Psychology Colloquium: “What Would a Holistic Psychology Look Like?”

Posted on 11/9/2010 8:01:25 AM

Michael Mascolo of the Department of Psychology at Merrimack College will be presenting a colloquium for the Psychology Department titled “What Would a Holistic Psychology Look Like?: Analyzing the Development of Persons.”

The colloquium takes place on Friday, November 12, 2010 at 3:30 p.m. in Uhler Hall, Room 114.

Professor Mascolo developed a system for the dynamic analysis of joint action. This system provides a set of conceptual and empirical tools for analyzing developmental changes in the dynamic structure of jointly-produced acting, thinking, and feeling. The analytic system has been used to examine developmental changes in a variety of different psychological domains: development of representations of self in sociocultural contexts (USA, India); development of self-evaluative emotions (pride, shame, guilt, etc.) in sociocultural contexts (USA, Chinese-American immigrants); teaching and learning how to perform everyday tasks (sensori-motor tasks; how to tie shoes; adding integers; storytelling, etc.); micro-development of self and emotion in psychotherapy; and individual and social change processes in development.

About his colloquium, Dr. Mascolo notes:

Psychology is largely a fragmented discipline. Psychologists not only begin their work from different orientations and assumptions, they tend to focus their research programs on relatively isolated problems that have relevance within isolated intellectual communities.

Researchers tend to study parts or modules of human action and experience in isolation from each other (e.g., sensation, perception, emotion, cognition). Within these practices, we are immediately faced with a paradox.

Scientific analysis requires that researchers narrow the scope of their inquiry to solvable problems. The local success of this approach comes at a cost. Researchers are often unaware of studies in areas that have deep importance for their own research. Similarly, despite the voluminous outpouring of data generated from local research, progress toward developing an understanding of human action at the level of the integrated person has been limited.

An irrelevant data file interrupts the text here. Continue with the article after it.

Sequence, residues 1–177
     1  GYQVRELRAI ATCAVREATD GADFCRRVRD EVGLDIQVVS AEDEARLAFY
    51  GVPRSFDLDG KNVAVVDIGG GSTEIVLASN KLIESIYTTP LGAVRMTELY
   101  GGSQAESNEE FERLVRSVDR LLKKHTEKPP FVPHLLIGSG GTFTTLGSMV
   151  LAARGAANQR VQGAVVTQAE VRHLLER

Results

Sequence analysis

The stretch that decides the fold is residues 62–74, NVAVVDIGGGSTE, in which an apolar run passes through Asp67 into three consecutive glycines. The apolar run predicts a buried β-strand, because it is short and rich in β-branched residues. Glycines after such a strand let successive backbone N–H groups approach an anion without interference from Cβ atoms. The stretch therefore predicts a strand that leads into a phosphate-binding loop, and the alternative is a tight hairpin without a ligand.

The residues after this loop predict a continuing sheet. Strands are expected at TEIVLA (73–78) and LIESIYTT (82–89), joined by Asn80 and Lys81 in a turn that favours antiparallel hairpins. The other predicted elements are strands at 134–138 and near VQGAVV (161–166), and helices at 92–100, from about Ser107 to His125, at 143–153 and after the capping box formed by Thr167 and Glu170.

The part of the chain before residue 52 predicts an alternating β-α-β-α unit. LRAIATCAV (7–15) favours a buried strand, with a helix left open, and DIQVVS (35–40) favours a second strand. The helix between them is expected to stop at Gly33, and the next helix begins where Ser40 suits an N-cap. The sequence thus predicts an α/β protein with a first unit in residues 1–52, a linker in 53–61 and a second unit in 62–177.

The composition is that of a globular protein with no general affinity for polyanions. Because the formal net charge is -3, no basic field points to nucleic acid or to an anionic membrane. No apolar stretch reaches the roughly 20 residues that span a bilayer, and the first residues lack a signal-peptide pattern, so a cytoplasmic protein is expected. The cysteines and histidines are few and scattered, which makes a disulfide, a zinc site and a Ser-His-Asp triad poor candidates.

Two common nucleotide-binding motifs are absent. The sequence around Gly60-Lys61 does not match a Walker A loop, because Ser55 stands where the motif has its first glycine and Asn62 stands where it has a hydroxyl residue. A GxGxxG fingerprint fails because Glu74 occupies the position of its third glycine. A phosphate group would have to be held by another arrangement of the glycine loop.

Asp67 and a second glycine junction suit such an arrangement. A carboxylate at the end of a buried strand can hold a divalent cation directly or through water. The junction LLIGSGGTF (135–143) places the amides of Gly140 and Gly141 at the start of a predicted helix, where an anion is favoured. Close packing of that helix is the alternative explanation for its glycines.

In this talk, I attempt to bring together literature from multiple areas within and outside of psychology to develop an integrated conception of what it means to understand human action at the level of the person. I then describe a set of conceptual and empirical tools for analyzing the development of integrated structures of thinking, feeling and acting over the course of the lifespan. I will draw on studies on the holistic nature of development in academic, socio-emotional, and psychotherapeutic contexts. My hope is to invite conversation about how to coordinate and preserve what is best about existing research and applied practice in psychology, while simultaneously working toward ways to develop a rigorous holistic psychology of developing persons.

About Michael Mascolo

Michael F. Mascolo earned his PhD in Developmental Psychology from the University at Albany and conducted post-doctoral research at Harvard University (Graduate School of Education). He is currently professor of Psychology at Merrimack College (North Andover, Mass.). His research is derived from an embodied co-active systems approach to human development. His research includes studies on the development of self and emotion, psychotherapy as a developmental process, teaching and learning processes, and the development of action within the context of social interaction. Mascolo has authored or coauthored numerous theoretical and empirical articles, and he has edited and coauthored several books, most recently Psychotherapy as a Developmental Process.

Learn more about Michael Mascolo.